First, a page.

A device design using neutrons has never been successfully proven, despite techniques for the experimental synthesis and study of orbital angular momentum in photons and electrons being extensively explored. Neutrons have unique properties, so the researchers had to build new tools and develop new approaches to work with them.

For the first time in experimental history, scientists at the Institute for Quantum Computing (IQC) have developed a device that produces twisted neutrons with a clearly specified orbital angular momentum. This groundbreaking scientific feat, previously thought impossible, provides an entirely new way for scientists to explore the growth of next-generation quantum materials, with applications ranging from quantum computing to discovering and solving new problems in fundamental physics.

Dr. Dusan Sarenac, a research associate at IQC and technical lead of Transformative Quantum Technologies at the University of Waterloo, said: “Neutrons are a powerful probe for the characterization of emerging quantum materials because they have several unique features. They have nanometer-sized wavelengths, electrical neutrality, and relatively large masses. These features allow neutrons to pass through materials that X-rays and light cannot. ”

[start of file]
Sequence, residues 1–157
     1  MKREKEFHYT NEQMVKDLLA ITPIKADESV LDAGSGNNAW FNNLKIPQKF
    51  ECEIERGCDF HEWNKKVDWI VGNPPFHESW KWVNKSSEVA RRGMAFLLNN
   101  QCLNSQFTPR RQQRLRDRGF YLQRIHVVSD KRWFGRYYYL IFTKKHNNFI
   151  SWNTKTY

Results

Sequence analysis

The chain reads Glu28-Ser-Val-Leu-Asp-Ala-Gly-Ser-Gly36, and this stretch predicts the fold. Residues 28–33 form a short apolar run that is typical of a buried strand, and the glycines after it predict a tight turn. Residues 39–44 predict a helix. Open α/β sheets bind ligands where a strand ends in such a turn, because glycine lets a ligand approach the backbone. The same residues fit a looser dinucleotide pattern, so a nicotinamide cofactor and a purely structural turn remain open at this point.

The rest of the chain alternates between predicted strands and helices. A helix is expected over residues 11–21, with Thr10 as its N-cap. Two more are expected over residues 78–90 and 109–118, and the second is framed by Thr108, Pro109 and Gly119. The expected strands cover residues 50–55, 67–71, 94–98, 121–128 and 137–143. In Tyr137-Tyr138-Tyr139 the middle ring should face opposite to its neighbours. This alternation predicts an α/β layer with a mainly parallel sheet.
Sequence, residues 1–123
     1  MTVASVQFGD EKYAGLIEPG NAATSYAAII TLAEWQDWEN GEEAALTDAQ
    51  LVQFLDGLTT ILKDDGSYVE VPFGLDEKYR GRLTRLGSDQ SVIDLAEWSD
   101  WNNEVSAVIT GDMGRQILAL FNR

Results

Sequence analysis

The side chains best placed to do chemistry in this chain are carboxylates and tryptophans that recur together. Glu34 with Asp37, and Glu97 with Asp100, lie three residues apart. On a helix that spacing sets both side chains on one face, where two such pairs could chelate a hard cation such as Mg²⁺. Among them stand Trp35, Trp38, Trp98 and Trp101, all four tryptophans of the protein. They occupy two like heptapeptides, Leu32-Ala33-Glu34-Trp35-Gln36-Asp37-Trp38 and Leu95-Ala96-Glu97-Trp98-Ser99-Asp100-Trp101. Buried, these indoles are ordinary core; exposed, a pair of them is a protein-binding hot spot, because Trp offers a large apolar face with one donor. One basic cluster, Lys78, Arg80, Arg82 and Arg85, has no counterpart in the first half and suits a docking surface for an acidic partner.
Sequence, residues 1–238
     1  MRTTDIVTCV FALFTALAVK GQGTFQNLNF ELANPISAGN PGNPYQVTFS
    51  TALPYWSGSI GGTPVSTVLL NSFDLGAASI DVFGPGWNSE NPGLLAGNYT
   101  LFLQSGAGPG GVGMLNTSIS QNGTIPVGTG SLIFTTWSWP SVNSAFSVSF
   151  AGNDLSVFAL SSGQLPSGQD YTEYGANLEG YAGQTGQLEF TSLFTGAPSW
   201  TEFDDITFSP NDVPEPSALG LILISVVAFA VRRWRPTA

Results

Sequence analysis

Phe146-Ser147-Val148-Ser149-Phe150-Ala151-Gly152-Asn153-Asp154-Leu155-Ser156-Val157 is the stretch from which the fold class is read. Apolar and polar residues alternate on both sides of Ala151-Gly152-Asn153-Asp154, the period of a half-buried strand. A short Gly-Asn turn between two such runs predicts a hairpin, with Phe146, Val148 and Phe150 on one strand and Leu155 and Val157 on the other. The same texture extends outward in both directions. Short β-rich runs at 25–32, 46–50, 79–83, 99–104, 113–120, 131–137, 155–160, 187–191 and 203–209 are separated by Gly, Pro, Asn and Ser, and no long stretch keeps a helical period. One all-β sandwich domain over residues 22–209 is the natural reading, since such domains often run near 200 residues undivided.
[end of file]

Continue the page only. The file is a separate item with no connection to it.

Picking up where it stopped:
IQC and faculty member Dr. Dmitry Pushin of the Department of Physics and Astronomy and his group built small silicon lattice structures resembling forks for their studies. These devices are so miniscule that over six million fork dislocation phase gratings can be found in just 0.5 cm by 0.5 cm. The individual neutrons begin to spin in a corkscrew pattern as a stream of a few neutrons passes through this device. A specialized neutron camera captured the pictures of the neutrons after they traveled 19 meters. The group saw that each neutron had grown into a 10 cm wide doughnut-shaped trail.

The donut pattern of the propagated neutrons indicates that they were placed in a special spiral state and that the group’s lattice devices generated neutron beams with quantized orbital angular momentum, the first experimental achievement of its kind.

Dr. Dmitry Pushin, IQC and faculty member of the Department of Physics and Astronomy at Waterloo, said: “Neutrons have been popular in the experimental verification of fundamental physics, using the three easily accessible degrees of freedom: spin, path, and energy. In these experiments, our group has enabled the use of orbital angular momentum in neutron beams, providing an additional quantized degree of freedom In doing so, we are developing a toolbox to characterize and investigate complicated materials needed for the next generation of quantum devices such as quantum simulators and quantum computers.”

Magazine reference:

  1. Dusan Sarenac, Melissa Henerson, et al. Experimental realization of neutron spiral waves. Scientific progress. DOI: 10.1126/sciadv.add2002